In our reflections, we illuminate the importance of theories as they support the critical consciousness of community researchers in particular. The importance of these vocabularies resonates with the work of philosopher Miranda Fricker on epistemic injustice [24]. PHR scholars, including photovoice scholars, are increasingly recognizing epistemic justice as an important aspect of social justice [61]. Fricker [24] argues that epistemic injustice can occur in two different ways.
First, testimonial (or: witnessing) injustice occurs when someone is not acknowledged as a reliable knower; their knowledge is ignored, made irrelevant, or judged as untrustworthy because of who they are. This happens, for example, when clients’ experiential knowledge is seen as less credible than professional knowledge [61]. Second, hermeneutic injustice occurs when marginalized groups do not have access to a vocabulary that enables them to interpret their experiences and/or to describe them these as unjust, oppressive or illegal practice. Hermeneutic injustice happens when certain groups do not have equal access to institutions that provide such vocabularies, including academia, political parties, governmental institutions, literature or mainstream media. As a consequence, group members are “more likely than others in a position (…) where they do not have the concepts or interpretative tropes to render their experiences intelligible to others, possibly even to themselves” [24] (p. 257). In our photovoice project, we realized that making photographs and organizing a dialogue is not enough to foster hermeneutic justice. We need access to interpretative tropes, as Fricker has argued.

6.3. Engaging with “Interpretative Tropes” Requires Relational Sensitivity

Therefore, in this project, we learned that as facilitators we also needed to take up space for our own expertise and knowledge in dialogue with community researchers, granting them access to these interpretative tropes. In our project, the academic researchers actively provided knowledge on gender, class, race and intersectionality theory. At the same time, facilitators need to stay attuned to interpretative tropes that are introduced by the community researchers themselves or by societal discourses. In our project, such narratives were provided by the yellow-vest and BLM movements. We conclude that photovoice facilitators should not shy away from engaging with these vocabularies, as these are necessary for hermeneutic justice. However, at the same time, engaging with theories requires reflexivity and relational sensitivity from facilitators to not compromise participants’ witnessing justice. Fricker [24] (p. 84) describes this virtue as “testimonial sensibility” which “enables the hearer to the word of another with the sort of critical openness that is required for a thoroughly effortless sharing of knowledge”. In other words, developing critical consciousness is a reciprocal learning process.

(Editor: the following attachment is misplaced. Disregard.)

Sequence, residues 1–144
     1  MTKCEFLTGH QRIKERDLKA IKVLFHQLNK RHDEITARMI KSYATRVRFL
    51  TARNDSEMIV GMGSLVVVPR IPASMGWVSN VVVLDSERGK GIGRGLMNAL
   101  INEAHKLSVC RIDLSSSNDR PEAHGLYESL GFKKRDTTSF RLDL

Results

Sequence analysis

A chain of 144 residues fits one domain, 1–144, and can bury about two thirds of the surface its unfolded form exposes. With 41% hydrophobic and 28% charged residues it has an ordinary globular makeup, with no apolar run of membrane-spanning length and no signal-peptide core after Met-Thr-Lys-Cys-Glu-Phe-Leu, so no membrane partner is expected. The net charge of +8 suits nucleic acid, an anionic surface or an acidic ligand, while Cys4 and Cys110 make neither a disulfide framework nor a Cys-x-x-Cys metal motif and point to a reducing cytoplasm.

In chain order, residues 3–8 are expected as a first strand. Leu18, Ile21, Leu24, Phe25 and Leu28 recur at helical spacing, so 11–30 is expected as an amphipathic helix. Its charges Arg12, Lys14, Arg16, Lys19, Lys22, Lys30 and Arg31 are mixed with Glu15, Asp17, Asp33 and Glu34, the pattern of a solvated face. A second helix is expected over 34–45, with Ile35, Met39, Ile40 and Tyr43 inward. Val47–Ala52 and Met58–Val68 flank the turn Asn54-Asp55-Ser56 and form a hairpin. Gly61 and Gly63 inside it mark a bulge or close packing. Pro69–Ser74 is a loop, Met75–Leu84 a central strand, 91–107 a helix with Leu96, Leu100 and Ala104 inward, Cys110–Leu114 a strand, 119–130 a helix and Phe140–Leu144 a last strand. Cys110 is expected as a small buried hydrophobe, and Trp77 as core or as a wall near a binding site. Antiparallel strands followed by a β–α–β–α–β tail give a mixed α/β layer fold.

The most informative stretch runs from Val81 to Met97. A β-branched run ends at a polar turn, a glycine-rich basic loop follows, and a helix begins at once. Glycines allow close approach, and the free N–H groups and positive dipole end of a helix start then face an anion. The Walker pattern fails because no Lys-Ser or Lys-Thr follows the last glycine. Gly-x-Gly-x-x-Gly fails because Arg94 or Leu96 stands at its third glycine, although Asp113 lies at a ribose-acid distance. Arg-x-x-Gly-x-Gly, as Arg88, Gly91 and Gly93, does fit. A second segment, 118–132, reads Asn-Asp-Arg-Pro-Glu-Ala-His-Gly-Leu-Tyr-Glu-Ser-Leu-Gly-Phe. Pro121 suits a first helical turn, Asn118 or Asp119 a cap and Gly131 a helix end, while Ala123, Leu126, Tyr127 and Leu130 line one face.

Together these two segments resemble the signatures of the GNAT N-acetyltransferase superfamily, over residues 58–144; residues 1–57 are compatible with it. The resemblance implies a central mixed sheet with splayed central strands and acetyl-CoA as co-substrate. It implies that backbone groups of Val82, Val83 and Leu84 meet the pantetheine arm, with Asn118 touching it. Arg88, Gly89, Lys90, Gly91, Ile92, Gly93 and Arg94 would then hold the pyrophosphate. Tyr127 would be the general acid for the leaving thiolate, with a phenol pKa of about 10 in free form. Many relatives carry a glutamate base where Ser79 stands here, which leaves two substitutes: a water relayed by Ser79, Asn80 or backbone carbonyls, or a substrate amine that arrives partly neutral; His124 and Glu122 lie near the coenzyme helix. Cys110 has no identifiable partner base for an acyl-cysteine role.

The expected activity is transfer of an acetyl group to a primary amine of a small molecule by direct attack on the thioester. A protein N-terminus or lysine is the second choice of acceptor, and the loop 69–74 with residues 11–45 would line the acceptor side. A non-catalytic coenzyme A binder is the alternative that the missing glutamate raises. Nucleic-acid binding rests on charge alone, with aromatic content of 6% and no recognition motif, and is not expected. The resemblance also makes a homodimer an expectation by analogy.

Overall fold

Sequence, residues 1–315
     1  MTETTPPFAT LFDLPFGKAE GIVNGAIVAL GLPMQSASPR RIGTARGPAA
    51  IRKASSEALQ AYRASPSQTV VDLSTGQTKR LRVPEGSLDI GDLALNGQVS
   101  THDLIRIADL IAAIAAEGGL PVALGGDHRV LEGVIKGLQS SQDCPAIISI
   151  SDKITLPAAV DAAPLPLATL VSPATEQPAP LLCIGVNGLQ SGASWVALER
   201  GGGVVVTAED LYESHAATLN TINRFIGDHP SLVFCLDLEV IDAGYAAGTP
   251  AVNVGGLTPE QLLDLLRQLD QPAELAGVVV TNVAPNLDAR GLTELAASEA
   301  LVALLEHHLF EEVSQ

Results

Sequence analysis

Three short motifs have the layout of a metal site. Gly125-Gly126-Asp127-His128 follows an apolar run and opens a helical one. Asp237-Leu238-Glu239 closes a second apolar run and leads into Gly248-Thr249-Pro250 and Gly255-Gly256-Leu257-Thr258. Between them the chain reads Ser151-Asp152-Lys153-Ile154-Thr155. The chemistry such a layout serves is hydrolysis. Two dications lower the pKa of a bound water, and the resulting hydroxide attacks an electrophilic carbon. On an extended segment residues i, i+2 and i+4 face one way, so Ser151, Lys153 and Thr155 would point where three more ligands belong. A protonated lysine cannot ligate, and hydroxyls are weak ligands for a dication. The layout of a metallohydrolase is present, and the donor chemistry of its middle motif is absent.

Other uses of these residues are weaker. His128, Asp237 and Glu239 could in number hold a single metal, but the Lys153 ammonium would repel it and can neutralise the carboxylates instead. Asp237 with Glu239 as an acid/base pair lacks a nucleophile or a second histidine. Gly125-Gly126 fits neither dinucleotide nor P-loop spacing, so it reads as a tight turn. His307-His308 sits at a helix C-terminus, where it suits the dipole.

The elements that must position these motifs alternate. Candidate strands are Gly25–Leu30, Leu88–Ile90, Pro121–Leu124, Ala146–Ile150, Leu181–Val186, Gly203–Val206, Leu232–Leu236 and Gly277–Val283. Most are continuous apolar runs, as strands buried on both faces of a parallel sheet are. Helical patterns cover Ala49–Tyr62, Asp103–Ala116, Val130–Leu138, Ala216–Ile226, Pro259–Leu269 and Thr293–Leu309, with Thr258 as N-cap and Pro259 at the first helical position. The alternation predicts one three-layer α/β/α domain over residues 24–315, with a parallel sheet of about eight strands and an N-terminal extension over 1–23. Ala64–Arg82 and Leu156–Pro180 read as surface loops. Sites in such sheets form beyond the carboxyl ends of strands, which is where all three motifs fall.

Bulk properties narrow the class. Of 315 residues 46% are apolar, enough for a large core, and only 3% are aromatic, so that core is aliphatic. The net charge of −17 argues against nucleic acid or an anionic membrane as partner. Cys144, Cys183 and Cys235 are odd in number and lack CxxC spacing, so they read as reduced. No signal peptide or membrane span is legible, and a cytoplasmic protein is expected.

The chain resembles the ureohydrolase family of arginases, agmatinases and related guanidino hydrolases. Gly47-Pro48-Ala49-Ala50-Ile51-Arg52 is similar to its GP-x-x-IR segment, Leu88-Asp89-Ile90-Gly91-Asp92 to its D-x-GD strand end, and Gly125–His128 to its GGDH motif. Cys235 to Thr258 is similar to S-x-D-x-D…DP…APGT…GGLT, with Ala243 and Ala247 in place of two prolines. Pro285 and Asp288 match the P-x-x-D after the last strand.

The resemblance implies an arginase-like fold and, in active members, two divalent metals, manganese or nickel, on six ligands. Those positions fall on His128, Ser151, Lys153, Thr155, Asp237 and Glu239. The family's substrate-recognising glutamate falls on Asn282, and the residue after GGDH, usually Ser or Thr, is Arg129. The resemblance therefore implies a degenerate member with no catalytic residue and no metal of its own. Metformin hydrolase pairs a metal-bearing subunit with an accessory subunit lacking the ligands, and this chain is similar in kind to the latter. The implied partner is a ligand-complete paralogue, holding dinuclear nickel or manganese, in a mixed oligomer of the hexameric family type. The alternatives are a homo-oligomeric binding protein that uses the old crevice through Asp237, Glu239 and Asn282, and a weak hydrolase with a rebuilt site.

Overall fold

6.4. Intersectionality Provides Essential “Interpretative Tropes” for Hermeneutic Justice

Another lesson learned from this project is that intersectionality provided essential interpretative tropes to foster hermeneutic justice. The empirical findings from our photovoice process captured in the portraits and book “What You Don’t See” show how the health of care workers was shaped at the intersection of gender, class and race. Intersectionality enabled us to unravel these multiple and interlocking inequities within our photovoice process, and it gave us a vocabulary to talk about these inequities. Moreover, we observed that some single-axe analyses such as a “gender perspective” did not resonate with participants, as has been described by other intersectionality scholars [36]. Seeing oppression at an intersection of gender and class sparked activism and collective action among the participants, as it became visible in the op-ed. Over the course of our project, we unraveled how care workers’ health was shaped at the intersections of gender, class and race. Intersectionality helped to reveal these intersections and fostered critical consciousness about complex social inequalities.

6.5. Learning to Listen to Silence

In addition, we paid attention to the many meanings of silence in our research project. Our reflections resonate with the literature on silence in the research process. Scholars have critiqued simplistic (or “thin”) conceptions of voice that are “focused on explicit utterances and their intelligibility to others” and plea for a “thick” conception of voice that includes “a thick interpretative discernment of utterances, silences and bodily expressions” [62] (p. 2). Carnivale and others redirect our attention to the importance of silences in relation to voice [63,64,65]. Silences, gaps and omissions can lead the way to untold stories, conceptualized as “shadow stories”, which remain hidden behind the spoken narrative [66,67]. Others challenge the assumed equation between voice and power and between silence and oppression [50]. Such an equation is theoretically problematic and empirically untrue and obscures the many possibly empowering meanings that silence can hold [50,63,64,65,66,67]. In addition, Malhotra particularly problematizes the equation between voice and power because “the burden of social change is placed upon those least empowered to intervene in the conditions of their oppression” and state that such an equation shifts “the focus away from the labor that might be demanded of those in positions of power to learn to listen to subaltern inscriptions—those modes of expression that are often interpreted as “silence”” [50] (pp. 1–2).